The Boilermakers force so many mid-range shots because they allow so few rim attempts. Purdue allows only 30.8% of opponent shots to be at the rim, the lowest in the entire country, and the 15th lowest rate since 2010. Teams just flat-out do not want to go at Edey. When they do, they don’t find the most success. Teams average 1.195 PPP per Synergy at the rim against Purdue, putting Purdue in the 64th percentile.
When Edey is on the floor in conference play, opponents are 71/135 (52.6%) at the rim, and they only take 22.5% of their shots at the rim.
When Edey is off the floor in conference play, opponents are 35/50 (70%) at the rim, and they take 34.5% of their shots at the rim. (data per CBBanalytics)
And that just shows you what this defense is, and how important Edey is. They force jumpers and if teams can make them, more power to them. Specifically, they force mid-range jumpers. Purdue is one of the best teams defending catch and shoot 3s in the country. They contest on 66.9% of all opponent catch-and-shoot looks, the 11th highest rate in the country.
One area of concern is transition defense. Purdue loves to play slow, and they often get that. But teams have success when they run against Purdue. Purdue is in only the 15th percentile of transition defense, giving up 1.084 PPP.
Lineups and Combos
This is a *DISCLAIMER*
It is often hard to really understand lineup data and combos because either the lineup does not have enough possessions together to be statistically significant, or there is not enough context when looking at combos. So basically, we can find some interesting things from these numbers, but they are not the end all be all. Decisions about whether a lineup is good or bad should not be based off of these numbers alone, especially when oftentimes they have only played a few minutes together.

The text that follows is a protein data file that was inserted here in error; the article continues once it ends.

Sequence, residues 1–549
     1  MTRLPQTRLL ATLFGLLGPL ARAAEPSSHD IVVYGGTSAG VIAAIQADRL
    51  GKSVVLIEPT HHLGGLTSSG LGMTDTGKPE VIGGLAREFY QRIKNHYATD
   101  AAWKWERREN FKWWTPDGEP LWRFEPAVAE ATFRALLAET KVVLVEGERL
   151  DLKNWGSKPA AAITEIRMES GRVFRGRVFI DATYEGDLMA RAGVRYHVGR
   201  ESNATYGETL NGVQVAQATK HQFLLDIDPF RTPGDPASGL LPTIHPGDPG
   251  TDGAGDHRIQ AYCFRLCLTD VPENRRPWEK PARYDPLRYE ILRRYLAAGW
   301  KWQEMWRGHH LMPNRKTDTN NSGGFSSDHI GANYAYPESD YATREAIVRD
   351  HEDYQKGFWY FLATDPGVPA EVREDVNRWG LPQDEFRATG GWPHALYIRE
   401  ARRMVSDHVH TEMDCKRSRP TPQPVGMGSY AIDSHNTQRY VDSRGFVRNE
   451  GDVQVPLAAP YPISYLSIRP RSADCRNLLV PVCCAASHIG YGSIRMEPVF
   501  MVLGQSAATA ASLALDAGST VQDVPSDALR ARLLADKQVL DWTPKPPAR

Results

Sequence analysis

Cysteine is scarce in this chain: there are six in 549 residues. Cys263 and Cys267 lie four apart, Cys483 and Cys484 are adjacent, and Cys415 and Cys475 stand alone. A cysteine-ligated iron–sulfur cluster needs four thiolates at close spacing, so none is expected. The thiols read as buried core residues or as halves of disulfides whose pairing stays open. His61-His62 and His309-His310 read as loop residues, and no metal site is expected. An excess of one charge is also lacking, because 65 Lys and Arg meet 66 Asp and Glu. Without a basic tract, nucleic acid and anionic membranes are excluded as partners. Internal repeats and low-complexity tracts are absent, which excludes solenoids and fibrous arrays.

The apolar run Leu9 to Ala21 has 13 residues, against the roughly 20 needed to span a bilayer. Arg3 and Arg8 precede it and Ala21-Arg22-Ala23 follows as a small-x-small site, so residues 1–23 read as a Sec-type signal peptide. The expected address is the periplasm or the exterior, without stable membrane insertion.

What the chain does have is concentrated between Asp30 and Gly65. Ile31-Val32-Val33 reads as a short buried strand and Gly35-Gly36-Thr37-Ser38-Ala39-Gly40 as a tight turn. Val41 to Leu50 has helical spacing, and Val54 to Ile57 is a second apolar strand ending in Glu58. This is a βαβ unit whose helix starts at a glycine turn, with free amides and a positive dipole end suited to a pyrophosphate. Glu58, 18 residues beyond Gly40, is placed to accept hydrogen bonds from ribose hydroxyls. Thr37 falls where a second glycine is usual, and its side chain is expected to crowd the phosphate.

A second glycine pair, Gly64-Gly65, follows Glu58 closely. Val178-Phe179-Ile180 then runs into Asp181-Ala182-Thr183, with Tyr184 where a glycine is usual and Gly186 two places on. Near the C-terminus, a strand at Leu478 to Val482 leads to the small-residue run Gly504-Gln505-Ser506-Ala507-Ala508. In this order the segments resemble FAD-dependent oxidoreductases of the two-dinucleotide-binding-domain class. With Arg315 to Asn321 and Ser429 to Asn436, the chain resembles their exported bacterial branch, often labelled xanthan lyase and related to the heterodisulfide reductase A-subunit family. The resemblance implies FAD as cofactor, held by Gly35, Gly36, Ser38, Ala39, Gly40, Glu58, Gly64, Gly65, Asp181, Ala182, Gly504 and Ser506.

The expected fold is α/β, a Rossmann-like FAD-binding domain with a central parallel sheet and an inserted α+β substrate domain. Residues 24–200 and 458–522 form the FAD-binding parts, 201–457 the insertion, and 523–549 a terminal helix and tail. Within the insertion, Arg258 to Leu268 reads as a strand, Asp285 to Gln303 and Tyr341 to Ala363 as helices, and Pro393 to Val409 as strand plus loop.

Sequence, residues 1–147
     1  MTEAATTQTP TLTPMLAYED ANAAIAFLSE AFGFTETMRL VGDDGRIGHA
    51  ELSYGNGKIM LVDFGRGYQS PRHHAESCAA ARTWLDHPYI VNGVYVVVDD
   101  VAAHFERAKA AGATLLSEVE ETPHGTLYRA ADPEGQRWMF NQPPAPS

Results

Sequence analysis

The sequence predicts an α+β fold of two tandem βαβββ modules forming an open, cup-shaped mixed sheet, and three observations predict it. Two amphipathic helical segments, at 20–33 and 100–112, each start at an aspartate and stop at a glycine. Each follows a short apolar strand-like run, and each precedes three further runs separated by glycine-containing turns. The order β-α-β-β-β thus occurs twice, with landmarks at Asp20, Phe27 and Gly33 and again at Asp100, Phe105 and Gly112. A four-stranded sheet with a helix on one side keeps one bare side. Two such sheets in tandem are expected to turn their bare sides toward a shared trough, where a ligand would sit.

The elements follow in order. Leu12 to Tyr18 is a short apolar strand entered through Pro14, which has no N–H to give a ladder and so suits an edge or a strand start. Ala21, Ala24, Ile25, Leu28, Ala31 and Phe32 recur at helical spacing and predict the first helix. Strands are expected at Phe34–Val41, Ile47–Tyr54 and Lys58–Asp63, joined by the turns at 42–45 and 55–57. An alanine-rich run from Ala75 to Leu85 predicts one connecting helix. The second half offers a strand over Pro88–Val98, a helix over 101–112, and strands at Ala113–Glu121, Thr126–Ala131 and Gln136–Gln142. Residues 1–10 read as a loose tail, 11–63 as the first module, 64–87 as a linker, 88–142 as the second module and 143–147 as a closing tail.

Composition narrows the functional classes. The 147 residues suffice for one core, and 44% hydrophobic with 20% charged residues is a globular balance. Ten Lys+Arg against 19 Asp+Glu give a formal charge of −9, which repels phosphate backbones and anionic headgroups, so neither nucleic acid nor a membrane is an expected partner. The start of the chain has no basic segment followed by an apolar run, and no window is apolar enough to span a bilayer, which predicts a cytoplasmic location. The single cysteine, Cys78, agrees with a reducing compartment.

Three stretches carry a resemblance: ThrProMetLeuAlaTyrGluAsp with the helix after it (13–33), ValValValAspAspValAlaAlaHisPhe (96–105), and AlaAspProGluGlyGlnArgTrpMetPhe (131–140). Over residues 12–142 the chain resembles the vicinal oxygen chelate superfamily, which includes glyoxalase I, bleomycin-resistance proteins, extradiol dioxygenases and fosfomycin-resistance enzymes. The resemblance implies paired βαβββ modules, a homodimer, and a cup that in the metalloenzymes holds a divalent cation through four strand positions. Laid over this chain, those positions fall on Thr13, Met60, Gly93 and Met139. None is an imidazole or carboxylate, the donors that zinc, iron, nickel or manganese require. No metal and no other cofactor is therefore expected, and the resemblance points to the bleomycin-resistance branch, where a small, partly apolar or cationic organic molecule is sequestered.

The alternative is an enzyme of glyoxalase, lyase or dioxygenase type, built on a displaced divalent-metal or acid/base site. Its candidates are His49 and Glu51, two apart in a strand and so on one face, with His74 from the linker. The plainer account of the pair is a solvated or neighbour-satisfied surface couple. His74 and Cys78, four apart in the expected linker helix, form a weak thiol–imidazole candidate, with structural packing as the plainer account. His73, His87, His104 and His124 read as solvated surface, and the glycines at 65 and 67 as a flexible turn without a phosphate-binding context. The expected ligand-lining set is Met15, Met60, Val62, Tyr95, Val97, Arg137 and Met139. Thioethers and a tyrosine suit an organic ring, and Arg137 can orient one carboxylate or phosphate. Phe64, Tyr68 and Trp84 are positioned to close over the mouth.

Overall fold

The Purdue Boilermakers have played a total of 965 minutes this season. Here are the top three most-played lineups (per CBBanalytics):
- Smith/Loyer/Morton/Furst/Edey – 229 Minutes: +34.1 Net Rating
- Smith/Loyer/Morton/Gillis/Edey – 172 Minutes: +32.9 Net Rating
- Jenkins/Loyer/Newman/Gillis/Edey – 27 Minutes: +43.6 Net Rating
So two lineups have played almost half the minutes, and then the third most has not even played a full game.
Individual On/Off-Net Ratings (Net Rating is Offensive points per 100 possessions – Defensive points per 100 possessions)
- Loyer: +26.6
- Smith: +25.6
- Edey: +24.6
- Furst: +7.2
- Morton: +2.1
- Gillis: -2.4
- Trey Kaufman-Renn: -15.9
- Jenkins: -18.3
- Newman: -20.8
Here are some interesting two man combos. The first number will be Purdue’s net rating when they are both on the court, followed by the net rating when they are both off the floor (On/Off):
- Smith/Edey: +31.6 (on)/ -1.0 (off)
- Loyer/Edey: +32.1/-1.5
- Morton/Edey: +28.3/-8.1
- Furst/Edey: +29.3/-10.4
- Gillis/Edey: +26.7/-1.2
The numbers look not great for the bench, but they have really started to improve as of late. David Jenkins especially has really started to find his role.
For the season, when both Jenkins and Smith are on the floor, the Purdue Boilermakers have a net rating of +21.9.
When Jenkins is on and Smith if off, the net rating is +2.9.
When Smith is on and Jenkins is off, the net rating is +28.3.
When both are off (has only been 13 minutes the entire season so a super SUPER small sample size), the net rating is -16.7.
In the end, these are just numbers void of context. There is much more that goes into it than what I just wrote about, but I think it is interesting to really dive in every once in a while to see what you can find.